agendaNi gives a snapshot of some of the latest tourism strategies to be published by local authorities.
Mid Ulster: grow visitor economy to £50 million by 2021
Previously the region of Mid Ulster had failed to exploit its tourism potential driven by a lack of recognition of the value of growth in the tourism sector to the overall local economy. The publication of a new five-year strategy in April pointed to a “lack of visibility” in the overall Northern Ireland tourism marketplace. While Mid Ulster is recognised for its retail offering and historical sites, a lack of collaboration meant that it registered just 4.6 per cent of the overnight trips in Northern Ireland and 3.6 per cent of the overall spend in 2014. An overview of past performance concluded that Mid Ulster tourism was dominated by day trips and those visiting family and friends.
The strategy has put a strong emphasis on both increasing visitor numbers to the area and retaining them for longer. The vision is “To enhance Mid Ulster’s image and reputation for visitors and grow the visitor economy to £50 million by 2021 as measured by overnight visitor expenditure”. To do this the council have identified three strands incorporating the Seamus Heaney legacy; archaeological sites, history and heritage; and outdoor activities.
In Heaney, the Council aim to further promote the £4.2 million Seamus Heaney HomePlace at Bellaghy opened in 2016 and add to its wider potential by surrounding it with inter-linking initiatives and connections to the wider tourism and hospitality sector.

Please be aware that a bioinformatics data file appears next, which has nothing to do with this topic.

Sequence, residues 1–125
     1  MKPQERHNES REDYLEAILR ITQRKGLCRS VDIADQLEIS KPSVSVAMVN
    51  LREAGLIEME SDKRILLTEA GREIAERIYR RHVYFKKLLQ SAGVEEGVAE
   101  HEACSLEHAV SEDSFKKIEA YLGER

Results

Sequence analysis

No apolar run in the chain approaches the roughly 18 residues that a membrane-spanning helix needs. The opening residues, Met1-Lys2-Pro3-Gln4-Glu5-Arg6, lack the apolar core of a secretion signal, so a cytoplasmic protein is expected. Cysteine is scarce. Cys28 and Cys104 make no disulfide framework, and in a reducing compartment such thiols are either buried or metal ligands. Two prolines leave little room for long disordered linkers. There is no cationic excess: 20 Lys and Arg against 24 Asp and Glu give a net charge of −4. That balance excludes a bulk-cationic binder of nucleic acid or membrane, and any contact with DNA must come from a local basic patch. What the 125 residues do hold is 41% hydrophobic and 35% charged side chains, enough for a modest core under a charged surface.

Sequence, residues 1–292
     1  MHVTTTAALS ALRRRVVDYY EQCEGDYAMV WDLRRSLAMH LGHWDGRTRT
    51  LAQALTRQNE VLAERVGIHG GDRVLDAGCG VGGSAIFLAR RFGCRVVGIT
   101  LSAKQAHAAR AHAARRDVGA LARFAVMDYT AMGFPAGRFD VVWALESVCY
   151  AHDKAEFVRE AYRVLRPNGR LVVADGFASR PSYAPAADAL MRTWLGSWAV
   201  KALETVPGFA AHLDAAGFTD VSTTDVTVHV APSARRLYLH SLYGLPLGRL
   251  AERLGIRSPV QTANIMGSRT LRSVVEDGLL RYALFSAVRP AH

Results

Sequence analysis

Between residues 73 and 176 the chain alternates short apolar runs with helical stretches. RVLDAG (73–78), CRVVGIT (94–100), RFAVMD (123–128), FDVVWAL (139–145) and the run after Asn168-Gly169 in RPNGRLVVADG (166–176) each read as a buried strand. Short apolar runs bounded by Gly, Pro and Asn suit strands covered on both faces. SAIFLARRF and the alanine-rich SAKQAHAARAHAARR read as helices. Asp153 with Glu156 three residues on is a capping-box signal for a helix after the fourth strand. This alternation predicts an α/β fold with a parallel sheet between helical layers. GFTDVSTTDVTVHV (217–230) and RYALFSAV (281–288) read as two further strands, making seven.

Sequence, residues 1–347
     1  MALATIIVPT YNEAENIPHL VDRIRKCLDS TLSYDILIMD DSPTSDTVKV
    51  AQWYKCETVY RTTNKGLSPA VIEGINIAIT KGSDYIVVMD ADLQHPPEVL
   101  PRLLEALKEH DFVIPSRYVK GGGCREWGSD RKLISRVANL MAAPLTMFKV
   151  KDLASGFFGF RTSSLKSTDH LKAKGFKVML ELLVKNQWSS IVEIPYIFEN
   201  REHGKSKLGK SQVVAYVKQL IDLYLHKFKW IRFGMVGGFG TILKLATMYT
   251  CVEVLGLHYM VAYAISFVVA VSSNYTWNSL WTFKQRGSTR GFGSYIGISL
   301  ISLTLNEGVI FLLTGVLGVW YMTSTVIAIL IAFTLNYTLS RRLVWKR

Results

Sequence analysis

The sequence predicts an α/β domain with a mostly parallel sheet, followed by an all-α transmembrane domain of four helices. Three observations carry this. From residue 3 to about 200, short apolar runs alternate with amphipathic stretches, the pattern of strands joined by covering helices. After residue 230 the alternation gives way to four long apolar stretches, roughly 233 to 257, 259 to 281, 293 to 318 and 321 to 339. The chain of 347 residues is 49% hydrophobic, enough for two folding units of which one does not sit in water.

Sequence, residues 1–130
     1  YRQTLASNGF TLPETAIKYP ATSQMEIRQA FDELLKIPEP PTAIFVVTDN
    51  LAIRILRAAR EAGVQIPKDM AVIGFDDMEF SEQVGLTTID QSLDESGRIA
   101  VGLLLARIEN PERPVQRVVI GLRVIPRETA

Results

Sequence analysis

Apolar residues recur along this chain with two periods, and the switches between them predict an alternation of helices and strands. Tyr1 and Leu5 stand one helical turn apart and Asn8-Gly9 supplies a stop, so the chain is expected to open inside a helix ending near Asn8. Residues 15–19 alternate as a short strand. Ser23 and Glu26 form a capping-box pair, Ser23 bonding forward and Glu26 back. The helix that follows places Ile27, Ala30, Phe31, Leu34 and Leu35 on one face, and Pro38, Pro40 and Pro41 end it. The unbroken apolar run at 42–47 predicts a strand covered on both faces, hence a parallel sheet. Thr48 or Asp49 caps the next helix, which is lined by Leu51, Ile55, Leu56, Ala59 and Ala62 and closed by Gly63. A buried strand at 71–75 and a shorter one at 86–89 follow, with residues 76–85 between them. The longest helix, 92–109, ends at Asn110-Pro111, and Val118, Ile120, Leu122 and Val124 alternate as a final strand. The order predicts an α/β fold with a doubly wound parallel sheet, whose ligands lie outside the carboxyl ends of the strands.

Soaked in archaeology, history and heritage, most notably its association with the Flight of the Earls and the Plantation legacy, Mid Ulster aims to benefit from the global trend that has seen cultural tourism emerge as the most rapidly growing sub-sector of the industry. To do this, the strategy sets out ambitions to combine its assets as a package offering to tourists and positions the area as a centre of excellence for history and heritage. Promoting this offering and developing an itinerary will be key to ensuring that visitors can be
dispersed throughout the council area, as will plans to develop a year round programme of events.
In many ways, outdoor activity in Mid Ulster needs similar organisation and collaboration as the cultural tourism sector. Mid Ulster has benefited from pockets of investment and improvements in areas such as the Sperrins, while areas such as Lough Neagh are underutilised. Visibility problems for Mid Ulster’s offering has driven a desire for greater coherency and increasing competitiveness against other local authority attractions. Expanding awareness and promotion of existing and new sites for outdoor activity, spanning from leisure walks to extreme sports, will focus both on site development and management. The strategy also proposes a special focus on accessibility to key sights.
All three strands aim to support an ongoing focus towards food and events which already exists in the council area. By collaborating its assets and developing the Mid Ulster brand, the strategy aims to fully realise the potential of tourism to become an economic driver, helping to sustain more jobs and businesses, particularly as a year round sector.
Newry, Mourne and Down: mountains, myths and maritime